For Shakespeare, the play’s the thing; for Caviezel, it’s the script

Jim Caviezel as Luke and James Faulkner as Paul are seen in the film “Paul, Apostle of Christ.” “His message of love and life and mercy is so important for us today,” said Eric Groth, one of the executive producers of the new movie. He spoke to an invitation-only audience of about 60 at a Feb. 15 advance screening of the film at St. John Paul II National Shrine in Washington. (CNS photo/Sony Pictures)

by Mark Pattison

WASHINGTON (CNS) — Actor Jim Caviezel is at a point in his career where he can choose what film and TV projects he wants to pursue.

Even though Caviezel might be best known for his portrayal of Jesus in 2004’s “The Passion of the Christ” — six seasons on CBS’ “Person of Interest” this decade might have topped that — he decided to take on yet another biblical role as St. Luke in the upcoming movie “Paul, Apostle of Christ.”

“You don’t go by genre, you go by the script,” Caviezel told Catholic News Service in a Feb. 26 telephone interview to promote the movie. He’s not against movie projects that don’t have a biblical grounding: “It didn’t matter. You can sit down and read comedies. I haven’t found one yet.”

But when it came to “Paul,” “Andrew Hyatt wrote a great script. You know the material,” Caviezel said, adding, “Who played Paul was a big part. When they got [James] Faulkner, I knew they’ll be calling him Paul in the street just like they called me Jesus in the street” after “The Passion.”

Caviezel liked the script so much, in fact, he became one of the executive producers of “Paul.”

He doesn’t worry about being typecast as someone wedded to the biblical film genre, although he had turned down “many, many” offers after “The Passion” for similar roles.

“If you’re Will Farrell, do you say, ‘It’s a comedy, I can’t do that anymore’? Let’s see here, if you’re [Arnold] Schwarzenegger, ‘It’s an action film, I can’t do that anymore,'” Caviezel said. “You’ve seen a lot of biblical movies lately. You’ve seen them in ‘Star Wars,’ you’ve seen them in ‘The Hobbit.’ They’re allegories. That is what they are.”

As a husband and father, he said of his own movie tastes: “I like the old films a lot. I like ‘It’s a Wonderful Life.’ I enjoyed the ‘Star Wars’ movies, ‘Raiders of the Lost Ark,’ probably one of my favorites. I loved ‘[Saving] Private Ryan, ‘Schindler’s List,’ I loved ‘The Mission.’ Of course, ‘Braveheart.'” The latter film was directed by and starred Mel Gibson, who directed “The Passion.”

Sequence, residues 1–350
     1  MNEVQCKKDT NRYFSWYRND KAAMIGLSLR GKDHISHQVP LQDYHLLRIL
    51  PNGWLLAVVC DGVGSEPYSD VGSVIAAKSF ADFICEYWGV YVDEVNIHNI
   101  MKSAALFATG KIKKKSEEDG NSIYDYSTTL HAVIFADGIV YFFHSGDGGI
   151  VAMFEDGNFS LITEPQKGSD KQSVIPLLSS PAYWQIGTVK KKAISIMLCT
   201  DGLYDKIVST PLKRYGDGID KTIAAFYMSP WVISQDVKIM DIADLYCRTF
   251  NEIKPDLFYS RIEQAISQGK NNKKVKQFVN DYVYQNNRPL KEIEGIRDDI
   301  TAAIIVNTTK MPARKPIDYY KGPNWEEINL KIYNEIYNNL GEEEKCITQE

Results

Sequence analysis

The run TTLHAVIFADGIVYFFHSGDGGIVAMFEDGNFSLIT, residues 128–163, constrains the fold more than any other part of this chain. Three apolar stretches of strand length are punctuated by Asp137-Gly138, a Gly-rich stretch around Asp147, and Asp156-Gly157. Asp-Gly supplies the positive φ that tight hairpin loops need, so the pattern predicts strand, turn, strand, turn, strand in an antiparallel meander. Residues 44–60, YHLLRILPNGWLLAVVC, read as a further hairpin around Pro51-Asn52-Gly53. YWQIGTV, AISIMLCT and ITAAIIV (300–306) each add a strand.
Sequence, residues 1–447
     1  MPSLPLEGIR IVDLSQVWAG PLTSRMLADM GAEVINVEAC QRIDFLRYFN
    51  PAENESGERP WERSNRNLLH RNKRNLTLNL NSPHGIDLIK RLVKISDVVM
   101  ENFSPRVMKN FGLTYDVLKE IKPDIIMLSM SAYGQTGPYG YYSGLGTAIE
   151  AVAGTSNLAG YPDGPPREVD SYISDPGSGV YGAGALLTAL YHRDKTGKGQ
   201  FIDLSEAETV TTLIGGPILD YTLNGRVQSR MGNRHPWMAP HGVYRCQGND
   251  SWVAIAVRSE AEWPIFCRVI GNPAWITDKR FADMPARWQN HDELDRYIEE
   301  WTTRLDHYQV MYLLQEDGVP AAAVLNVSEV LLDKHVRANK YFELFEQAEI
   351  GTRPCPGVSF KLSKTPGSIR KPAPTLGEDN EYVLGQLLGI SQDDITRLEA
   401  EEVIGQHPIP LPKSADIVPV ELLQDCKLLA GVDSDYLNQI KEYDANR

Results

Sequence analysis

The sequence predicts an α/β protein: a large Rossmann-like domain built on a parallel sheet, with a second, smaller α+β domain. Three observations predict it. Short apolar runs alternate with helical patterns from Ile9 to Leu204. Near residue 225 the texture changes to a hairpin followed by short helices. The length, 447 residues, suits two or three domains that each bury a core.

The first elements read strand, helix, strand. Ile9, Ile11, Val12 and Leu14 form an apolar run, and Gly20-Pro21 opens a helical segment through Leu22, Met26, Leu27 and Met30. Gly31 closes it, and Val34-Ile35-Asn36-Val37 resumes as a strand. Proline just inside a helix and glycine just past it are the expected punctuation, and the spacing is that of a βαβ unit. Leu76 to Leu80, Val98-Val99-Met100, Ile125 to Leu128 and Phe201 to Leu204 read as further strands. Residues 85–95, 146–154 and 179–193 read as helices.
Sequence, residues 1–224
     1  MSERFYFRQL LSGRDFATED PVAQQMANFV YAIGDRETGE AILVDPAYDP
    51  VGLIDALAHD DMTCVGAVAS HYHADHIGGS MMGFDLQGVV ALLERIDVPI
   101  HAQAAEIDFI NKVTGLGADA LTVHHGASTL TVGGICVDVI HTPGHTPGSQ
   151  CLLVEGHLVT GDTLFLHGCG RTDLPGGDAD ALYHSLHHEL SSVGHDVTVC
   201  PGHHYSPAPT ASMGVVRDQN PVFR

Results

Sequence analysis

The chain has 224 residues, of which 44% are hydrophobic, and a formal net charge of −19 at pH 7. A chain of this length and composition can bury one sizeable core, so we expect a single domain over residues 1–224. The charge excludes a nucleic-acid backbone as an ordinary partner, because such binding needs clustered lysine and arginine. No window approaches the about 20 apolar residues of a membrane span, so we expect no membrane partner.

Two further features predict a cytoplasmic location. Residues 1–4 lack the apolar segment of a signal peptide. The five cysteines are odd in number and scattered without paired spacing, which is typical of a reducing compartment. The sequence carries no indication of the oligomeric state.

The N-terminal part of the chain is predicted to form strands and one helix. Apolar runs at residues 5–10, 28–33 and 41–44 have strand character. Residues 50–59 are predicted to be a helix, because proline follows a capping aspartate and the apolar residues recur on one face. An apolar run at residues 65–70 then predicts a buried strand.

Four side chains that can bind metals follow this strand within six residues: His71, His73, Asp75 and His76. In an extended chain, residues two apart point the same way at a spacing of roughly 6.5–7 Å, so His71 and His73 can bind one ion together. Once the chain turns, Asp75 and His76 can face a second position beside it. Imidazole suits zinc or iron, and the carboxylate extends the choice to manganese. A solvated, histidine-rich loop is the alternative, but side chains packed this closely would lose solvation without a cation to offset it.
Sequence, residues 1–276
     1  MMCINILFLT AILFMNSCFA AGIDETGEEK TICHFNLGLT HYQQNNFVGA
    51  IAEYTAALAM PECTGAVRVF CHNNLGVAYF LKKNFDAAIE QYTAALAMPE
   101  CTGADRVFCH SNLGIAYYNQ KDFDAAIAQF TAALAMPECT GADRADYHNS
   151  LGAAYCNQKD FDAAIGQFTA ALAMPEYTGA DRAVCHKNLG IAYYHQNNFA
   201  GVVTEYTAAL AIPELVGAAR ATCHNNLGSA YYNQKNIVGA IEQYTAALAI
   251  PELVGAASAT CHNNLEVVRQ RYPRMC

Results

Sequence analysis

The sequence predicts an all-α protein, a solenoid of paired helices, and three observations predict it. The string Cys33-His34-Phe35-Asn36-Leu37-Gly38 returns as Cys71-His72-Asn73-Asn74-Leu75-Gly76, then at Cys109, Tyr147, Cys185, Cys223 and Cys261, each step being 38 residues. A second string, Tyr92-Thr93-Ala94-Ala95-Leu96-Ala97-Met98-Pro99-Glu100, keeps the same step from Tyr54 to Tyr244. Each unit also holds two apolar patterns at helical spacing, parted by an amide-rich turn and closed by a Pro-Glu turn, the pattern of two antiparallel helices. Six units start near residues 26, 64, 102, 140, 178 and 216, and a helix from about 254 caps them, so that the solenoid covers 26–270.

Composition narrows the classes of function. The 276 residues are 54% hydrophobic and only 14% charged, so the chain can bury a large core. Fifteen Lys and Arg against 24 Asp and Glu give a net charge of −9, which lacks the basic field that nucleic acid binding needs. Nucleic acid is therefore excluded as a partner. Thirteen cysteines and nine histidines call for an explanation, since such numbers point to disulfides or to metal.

In a 2002 interview with CNS, Caviezel said he always wanted to act in movies with “roles that are redeemable,” even if his own character in that film wasn’t the redeemable one — although it could be argued that in “The Passion,” his character was the redeeming one.

“That’s never changed,” Caviezel said 16 years later. “It’s the only thing interesting to me. . .  But the truth, the real truth, the tip of the spear — massively controversial, like our Lord — the spear enters into the heart and wounds very deeply.” In “Paul, Apostle of Christ,” he added, “it goes deeply into what I think is one of the greatest controversies. That’s forgiveness at all cost. Meeting evil face to face.”

Making “The Passion,” he said, took a lot out of him physically. “It nearly killed me. Not many people get struck by lightning; I did. Five and a half months of cold. I had to have two heart surgeries, including open-heart surgery, because of that film.

“Going out in the cold, at night, and the wind chill, was tremendous. We were at a thousand-foot cliff and the winds would come down on top of it. I had a dislocated left shoulder. On top of that I had pneumonia. I got really sick,” he recalled. “But if we had shot that film in a studio, you wouldn’t have seen that performance. Was it worth it? Absolutely.”

Careful viewers of “Paul” will get a glimpse of Christ in one scene. There’s no mention in the cast list as to who plays the part. Was it Caviezel reprising the role? His answer: “No, it was not me, sir.”

Copyright ©2018 Catholic News Service / U.S. Conference of Catholic Bishops.

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